Giuseppe VERDI (1813-1901)
Joanna d'Arc - Opera in a prologue and three acts
Carlo VII, King of Spain - Nikolay Dorozhkin (tenor); Giacomo, a
shepherd - Marinz Godlewski (baritone); Giovanna D’Arco, his
daughter - Anna Lichorowicz (soprano); Delil, an officer of the
King - Lukasz Gaj (tenor); Talbot, commander of the English army
- Marek Pasko (bass)
Chorus and Orchestra of the Wroclaw Opera/Ewa Michnik
rec. live, Wroclaw Opera, January 2011
DUX CD 0846-7 [63.16 + 41.09]
Giovanna D’Arco is Verdi’s seventh opera.
It is based on Schiller's play Die Jungfrau von Orleans,
a fact denied by the librettist for copyright reasons. It was
premiered a mere four months after I Due Foscari and
six months before Alzira. These were the years that Verdi
was later to call his period in the galleys. Not only was he
composing, but also presenting revivals in various theatres
throughout Italy. Whilst his first four operas had been premiered
at La Scala, his fifth was first seen in Venice and his sixth
in Rome. Both the latter had been successful, helped by librettos
produced by Piave who worked hand in glove with Verdi, the composer
having an excellent theatrical sense. Verdi had been reluctant
to go back to La Scala with a new work as far too often singers
dictated what went on. This even involved them inserting arias,
other than by the composer of the work on stage, in order to
show off their strengths or to give greater weight to a part
that they considered not commensurate with their status. Although
little is known of the genesis of Giovanna D’Arco
it seems that Verdi, perhaps under pressure from Merelli, impresario
at La Scala and his publisher Ricordi, agreed to compose another
opera for that theatre in 1845 to make up for the loss of his
services the previous year. This was despite the fact that the
impresario would have the choice of singers, subject and librettist,
as was the standard practice there.
During the composition, Verdi contracted to mount a revival
of I Lombardi for the opening of the carnival
season. Problems began to gather. The orchestra was too small,
the scenery and costumes were inadequate whilst the singers
were inclined to take too many liberties. These were the same
singers scheduled to present Giovanna D’Arco. Despite
a poor public response to the tenor, the work was well received
and soon the street barrel organs were ringing to the prologue
tune of Tu sei bella, the demons’ chorus that haunts
Joan. As well as the stage and singer problems, Verdi’s
relationship with Merelli became strained when the latter negotiated
the sale of the full score without the composer’s knowledge.
It was the end of a friendship. Verdi vowed never to set foot
in the theatre or speak to Merelli again. A man who carried
grudges, Verdi carried out his threat until the revised La
Forza del Destino was premiered at La Scala in 1869. The
hatchet buried, La Scala premiered the four-act 1884 version
of Don Carlo and Verdi’s two final operatic masterpieces,
Otello and Falstaff.
Giovanna D’Arco is scored for three primo singers,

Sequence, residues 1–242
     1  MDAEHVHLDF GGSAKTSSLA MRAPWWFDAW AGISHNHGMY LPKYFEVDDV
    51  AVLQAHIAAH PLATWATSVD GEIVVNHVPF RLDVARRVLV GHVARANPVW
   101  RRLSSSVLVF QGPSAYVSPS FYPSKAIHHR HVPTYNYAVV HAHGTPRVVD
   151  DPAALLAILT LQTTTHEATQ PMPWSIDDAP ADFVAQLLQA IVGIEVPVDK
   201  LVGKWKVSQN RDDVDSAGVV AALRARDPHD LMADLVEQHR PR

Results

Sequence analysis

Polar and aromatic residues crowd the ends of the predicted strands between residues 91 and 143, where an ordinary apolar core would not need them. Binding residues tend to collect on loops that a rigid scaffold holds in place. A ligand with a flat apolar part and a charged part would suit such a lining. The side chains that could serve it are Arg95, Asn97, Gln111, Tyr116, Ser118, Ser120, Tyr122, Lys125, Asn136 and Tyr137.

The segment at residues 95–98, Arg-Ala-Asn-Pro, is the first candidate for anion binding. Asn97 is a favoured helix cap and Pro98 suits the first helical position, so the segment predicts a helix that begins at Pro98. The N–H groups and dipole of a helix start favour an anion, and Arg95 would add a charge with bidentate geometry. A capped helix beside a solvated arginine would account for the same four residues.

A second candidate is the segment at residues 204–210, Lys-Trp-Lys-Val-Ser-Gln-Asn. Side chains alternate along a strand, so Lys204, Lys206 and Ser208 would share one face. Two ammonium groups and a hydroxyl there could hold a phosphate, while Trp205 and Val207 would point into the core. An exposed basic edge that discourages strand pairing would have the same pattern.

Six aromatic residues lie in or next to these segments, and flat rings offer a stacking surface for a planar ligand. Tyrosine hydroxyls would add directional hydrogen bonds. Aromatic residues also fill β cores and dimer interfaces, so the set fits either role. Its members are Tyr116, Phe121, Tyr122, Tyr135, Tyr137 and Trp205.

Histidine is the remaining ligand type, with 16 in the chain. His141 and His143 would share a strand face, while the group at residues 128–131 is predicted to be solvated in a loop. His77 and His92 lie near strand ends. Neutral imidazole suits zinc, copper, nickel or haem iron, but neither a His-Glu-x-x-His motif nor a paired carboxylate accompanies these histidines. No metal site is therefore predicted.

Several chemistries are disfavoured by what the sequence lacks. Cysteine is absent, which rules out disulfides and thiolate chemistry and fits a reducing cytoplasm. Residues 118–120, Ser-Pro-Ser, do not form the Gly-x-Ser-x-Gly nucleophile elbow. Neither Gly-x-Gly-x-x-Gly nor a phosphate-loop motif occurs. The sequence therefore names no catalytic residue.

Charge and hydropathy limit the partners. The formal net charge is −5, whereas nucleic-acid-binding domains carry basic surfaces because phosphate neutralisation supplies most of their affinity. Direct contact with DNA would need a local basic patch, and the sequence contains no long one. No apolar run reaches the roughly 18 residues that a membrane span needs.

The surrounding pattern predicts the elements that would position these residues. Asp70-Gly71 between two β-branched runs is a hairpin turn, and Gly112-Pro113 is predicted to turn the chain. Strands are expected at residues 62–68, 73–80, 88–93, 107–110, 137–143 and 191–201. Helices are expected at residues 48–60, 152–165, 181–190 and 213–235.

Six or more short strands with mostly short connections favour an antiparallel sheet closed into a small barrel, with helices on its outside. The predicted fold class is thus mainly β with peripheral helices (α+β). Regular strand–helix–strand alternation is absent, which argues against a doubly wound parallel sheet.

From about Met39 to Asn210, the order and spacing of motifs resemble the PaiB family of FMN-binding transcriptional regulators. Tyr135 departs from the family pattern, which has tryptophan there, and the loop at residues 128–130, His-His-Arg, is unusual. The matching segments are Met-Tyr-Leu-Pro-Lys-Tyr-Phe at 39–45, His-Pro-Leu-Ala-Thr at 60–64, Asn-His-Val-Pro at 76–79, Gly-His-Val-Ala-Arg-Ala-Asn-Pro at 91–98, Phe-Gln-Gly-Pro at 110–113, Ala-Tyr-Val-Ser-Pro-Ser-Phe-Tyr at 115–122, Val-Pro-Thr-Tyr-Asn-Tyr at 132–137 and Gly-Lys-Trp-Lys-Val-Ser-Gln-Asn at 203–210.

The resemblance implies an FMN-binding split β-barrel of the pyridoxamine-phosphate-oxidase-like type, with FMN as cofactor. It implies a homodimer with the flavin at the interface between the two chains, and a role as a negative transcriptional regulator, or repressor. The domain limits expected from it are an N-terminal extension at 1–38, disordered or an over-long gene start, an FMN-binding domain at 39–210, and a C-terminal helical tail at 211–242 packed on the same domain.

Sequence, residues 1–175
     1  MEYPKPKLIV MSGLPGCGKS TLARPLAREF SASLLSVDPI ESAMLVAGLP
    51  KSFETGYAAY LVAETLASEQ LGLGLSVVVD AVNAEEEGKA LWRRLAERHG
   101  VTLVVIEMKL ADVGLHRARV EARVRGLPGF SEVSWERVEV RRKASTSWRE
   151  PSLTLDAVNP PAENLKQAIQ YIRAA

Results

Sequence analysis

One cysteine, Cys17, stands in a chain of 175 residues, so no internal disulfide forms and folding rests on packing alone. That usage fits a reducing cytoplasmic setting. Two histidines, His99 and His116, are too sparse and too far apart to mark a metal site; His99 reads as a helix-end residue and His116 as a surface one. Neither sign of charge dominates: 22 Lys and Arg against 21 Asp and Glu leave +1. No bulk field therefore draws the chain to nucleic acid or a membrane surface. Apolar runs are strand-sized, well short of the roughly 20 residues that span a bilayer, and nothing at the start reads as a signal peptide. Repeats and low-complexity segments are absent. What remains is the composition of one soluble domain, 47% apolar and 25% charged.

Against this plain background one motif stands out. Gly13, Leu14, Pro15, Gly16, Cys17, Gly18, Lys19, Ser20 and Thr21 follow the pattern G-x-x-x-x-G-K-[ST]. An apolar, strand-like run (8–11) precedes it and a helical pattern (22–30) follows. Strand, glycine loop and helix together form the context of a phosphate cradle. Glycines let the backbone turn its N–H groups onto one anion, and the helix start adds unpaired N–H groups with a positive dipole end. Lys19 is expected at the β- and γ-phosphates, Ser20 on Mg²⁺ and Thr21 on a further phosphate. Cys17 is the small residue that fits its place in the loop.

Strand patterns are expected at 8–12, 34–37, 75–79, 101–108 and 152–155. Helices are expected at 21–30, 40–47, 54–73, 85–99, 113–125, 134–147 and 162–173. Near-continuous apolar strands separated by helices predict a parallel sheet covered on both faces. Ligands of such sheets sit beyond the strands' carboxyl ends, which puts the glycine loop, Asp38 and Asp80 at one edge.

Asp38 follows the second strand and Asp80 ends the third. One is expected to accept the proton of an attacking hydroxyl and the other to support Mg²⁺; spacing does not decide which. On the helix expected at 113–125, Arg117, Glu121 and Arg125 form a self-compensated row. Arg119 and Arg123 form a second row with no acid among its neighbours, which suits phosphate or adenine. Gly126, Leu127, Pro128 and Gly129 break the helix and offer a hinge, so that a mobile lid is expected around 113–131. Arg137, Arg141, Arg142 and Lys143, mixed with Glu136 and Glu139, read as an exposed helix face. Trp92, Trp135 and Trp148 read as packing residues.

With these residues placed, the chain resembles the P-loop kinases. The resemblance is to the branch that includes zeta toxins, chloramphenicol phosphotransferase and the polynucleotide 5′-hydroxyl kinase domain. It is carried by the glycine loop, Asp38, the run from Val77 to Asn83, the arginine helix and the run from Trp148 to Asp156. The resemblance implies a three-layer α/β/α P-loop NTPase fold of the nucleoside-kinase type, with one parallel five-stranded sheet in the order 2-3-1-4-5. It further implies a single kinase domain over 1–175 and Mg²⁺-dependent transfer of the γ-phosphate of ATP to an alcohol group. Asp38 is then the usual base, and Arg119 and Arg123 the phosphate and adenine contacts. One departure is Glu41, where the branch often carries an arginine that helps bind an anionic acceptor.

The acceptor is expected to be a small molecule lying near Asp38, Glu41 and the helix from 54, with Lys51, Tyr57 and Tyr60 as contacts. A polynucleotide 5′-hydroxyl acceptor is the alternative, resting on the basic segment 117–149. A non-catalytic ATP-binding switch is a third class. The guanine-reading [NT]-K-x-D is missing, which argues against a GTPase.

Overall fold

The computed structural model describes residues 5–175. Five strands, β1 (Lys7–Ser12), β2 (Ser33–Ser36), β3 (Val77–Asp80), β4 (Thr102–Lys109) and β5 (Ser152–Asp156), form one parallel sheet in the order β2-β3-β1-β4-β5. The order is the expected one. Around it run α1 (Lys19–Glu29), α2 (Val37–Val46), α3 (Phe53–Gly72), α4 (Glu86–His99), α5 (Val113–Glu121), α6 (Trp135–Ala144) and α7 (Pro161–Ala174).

soprano, tenor and baritone. It requires true Verdian voices,
ones with a subtle combination of legato, a wide range of vocal
expression and also the heft to convey the emotional freight.
None of the three principal characters, Joan herself, Carlo
the King and her father Giacomo, are sketched, musically, in
any great depth or complexity. The trio of soloists have to
work really hard to make the roles anything other than ciphers.
This may well contribute to the paucity of both staged and recorded
performances. The only studio recording is that from EMI in
1972 with James Levine conducting the trio of Montserrat Caballé,
Placido Domingo and Sherrill Milnes. Levine’s conducting,
particularly of the overture and chorus scenes, is to my ears
often harsh and metronomic.
With the Verdi bicentenary due in 2013 perhaps Wroclaw and its
music director saw an opportunity to raise the theatre’s
profile with a staging and associated recording. Certainly the
conducting is one of the strengths of this performance with
Ewa Michnik on the rostrum having a nice feel for Verdian line
and melodrama. Given the paucity of recorded competition why
cuts have been made in the score defeats me. Around sixteen
minutes have been excised compared with the EMI issue. Granted
some of the deleted music cannot be described as vintage Verdi.
It does, however, add to the melodrama particularly in respect
of the choral contributions, which are quite good here. Consequently,
the cuts result in some loss in terms of quality and vitality.
Levine benefits from a trio of some of the best Verdi singers
of their generation, all approaching the height of their powers.
Ewa Michnik’s soloists are not in the same league. Nikolay
Dorozhkin, the tenor in this performance, has some vocal grace
but often sounds strained and tight, even raw (CD1. Trs. 3-6).
As Joan, Anna Lichorowicz has plenty of vocal heft and some
promising tone at times though her legato is not an ideal. She
also tends to interpolate high notes and sound shrill. Her voice
thins under pressure as in Qui! Qui ..dove pui s’apre
(CD 1.Trs. 17-18). There is the inevitable father-daughter duet
(CD 2.Trs. 8-11) which shows baritone Marinz Godlewski at his
expressive and tonal peak. He is by far the best of the trio
of soloists here (CD1. Trs. 7-9).
The recorded sound is good with a relaxing ambience. The booklet
has a full track-listing with cast. There is a brief introductory
essay and synopsis in Polish and English, albeit the translation
has its idiosyncrasies. The performance libretto is given in
Robert J Farr
see also review by Göran